abstract = "The dynamic similarity hypothesis (DSH) suggests that differences in animal locomotor biomechanics are due mostly to differences in size. According to the OSH, when the ratios of inertial to gravitational forces are equal between two animals that differ in size [e.g. at equal Froude numbers, where Froude = velocity2/(gravity × hip height)], their movements can be made similar by multiplying all time durations by one constant, all forces by a second constant and all linear distances by a third constant. The DSH has been generally supported by numerous comparative studies showing that as inertial forces differ (i.e. differences in the centripetal force acting on the animal due to variation in hip heights), animals walk with dynamic similarity. However, humans walking in simulated reduced gravity do not walk with dynamically similar kinematics. The simulated gravity experiments did not completely account for the effects of gravity on all body segments, and the importance of gravity in the DSH requires further examination. This study uses a kinematic model to predict the effects of gravity on human locomotion, taking into account both the effects of gravitational forces on the upper body and on the limbs. Results show that dynamic similarity is maintained in altered gravitational environments. Thus, the DSH does account for differences in the inertial forces governing locomotion (e.g. differences in hip height) as well as differences in the gravitational forces governing locomotion.",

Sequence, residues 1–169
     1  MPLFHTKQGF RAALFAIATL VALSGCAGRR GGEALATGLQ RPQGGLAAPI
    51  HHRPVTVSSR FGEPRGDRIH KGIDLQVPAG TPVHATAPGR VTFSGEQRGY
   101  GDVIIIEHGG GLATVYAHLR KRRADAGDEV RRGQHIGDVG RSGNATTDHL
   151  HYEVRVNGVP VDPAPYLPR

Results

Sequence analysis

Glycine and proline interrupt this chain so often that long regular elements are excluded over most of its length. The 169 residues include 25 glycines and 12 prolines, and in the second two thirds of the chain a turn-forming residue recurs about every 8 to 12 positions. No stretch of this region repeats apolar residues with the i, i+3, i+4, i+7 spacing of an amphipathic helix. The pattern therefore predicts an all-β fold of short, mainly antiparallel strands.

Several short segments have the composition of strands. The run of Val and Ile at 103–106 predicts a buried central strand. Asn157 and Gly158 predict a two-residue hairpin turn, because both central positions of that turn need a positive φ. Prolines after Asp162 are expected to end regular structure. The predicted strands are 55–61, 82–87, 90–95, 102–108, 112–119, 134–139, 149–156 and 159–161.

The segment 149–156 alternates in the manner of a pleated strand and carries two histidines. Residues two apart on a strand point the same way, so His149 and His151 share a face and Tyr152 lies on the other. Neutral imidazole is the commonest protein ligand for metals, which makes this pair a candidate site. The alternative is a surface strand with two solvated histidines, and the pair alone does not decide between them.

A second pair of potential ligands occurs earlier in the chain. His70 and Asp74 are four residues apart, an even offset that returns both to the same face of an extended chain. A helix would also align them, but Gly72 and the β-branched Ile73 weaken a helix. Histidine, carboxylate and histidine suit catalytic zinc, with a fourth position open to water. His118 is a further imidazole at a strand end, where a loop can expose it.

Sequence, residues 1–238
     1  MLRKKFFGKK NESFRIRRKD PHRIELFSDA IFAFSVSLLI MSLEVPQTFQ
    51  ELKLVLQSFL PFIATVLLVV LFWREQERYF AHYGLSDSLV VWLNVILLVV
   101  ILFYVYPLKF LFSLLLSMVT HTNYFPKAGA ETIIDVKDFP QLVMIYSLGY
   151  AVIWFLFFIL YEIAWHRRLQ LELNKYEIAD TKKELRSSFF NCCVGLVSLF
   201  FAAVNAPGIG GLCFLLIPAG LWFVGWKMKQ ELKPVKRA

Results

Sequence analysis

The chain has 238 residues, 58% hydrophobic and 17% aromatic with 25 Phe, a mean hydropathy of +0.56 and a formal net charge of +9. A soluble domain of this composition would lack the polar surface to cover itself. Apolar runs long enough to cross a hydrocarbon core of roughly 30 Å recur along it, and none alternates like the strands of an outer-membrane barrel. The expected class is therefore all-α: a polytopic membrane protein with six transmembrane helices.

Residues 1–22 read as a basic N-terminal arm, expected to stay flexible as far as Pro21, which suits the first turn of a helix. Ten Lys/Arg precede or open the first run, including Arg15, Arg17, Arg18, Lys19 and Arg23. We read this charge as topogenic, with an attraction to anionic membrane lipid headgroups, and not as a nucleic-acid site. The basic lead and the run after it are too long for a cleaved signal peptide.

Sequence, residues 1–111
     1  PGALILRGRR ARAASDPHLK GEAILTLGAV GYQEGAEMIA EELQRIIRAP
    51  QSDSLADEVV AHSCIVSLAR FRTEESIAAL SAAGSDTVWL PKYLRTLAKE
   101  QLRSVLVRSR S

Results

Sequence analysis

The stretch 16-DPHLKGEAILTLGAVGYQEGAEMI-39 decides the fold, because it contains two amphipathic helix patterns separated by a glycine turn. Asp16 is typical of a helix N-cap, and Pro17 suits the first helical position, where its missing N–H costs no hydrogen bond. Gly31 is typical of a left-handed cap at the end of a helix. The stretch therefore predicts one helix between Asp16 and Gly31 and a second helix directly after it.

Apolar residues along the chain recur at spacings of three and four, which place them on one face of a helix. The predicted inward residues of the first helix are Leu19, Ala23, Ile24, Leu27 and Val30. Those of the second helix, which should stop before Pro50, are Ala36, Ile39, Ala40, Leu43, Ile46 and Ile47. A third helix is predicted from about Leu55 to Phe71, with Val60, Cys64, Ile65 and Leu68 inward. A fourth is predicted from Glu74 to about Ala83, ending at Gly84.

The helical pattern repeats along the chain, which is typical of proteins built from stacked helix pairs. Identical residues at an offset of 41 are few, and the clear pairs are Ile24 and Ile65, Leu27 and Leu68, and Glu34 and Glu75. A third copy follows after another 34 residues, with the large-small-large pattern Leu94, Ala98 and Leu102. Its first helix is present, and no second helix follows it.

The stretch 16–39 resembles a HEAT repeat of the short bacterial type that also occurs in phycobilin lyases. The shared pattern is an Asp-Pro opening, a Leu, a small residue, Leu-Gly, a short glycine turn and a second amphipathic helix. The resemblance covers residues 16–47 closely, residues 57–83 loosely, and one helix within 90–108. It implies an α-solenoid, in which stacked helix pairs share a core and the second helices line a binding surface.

keywords = "Force-driven harmonic oscillator, Froude number, Inertial properties, Stride length",
author = "Raichlen, {David A}",
year = "2008",
month = "9",
doi = "10.1242/jeb.020073",
language = "English (US)",
volume = "211",
pages = "2767--2772",
journal = "Journal of Experimental Biology",
issn = "0022-0949",
publisher = "Company of Biologists Ltd",
number = "17",

}

TY - JOUR

T1 - The effects of gravity on human walking

T2 - A new test of the dynamic similarity hypothesis using a predictive model

AU - Raichlen, David A

PY - 2008/9

Y1 - 2008/9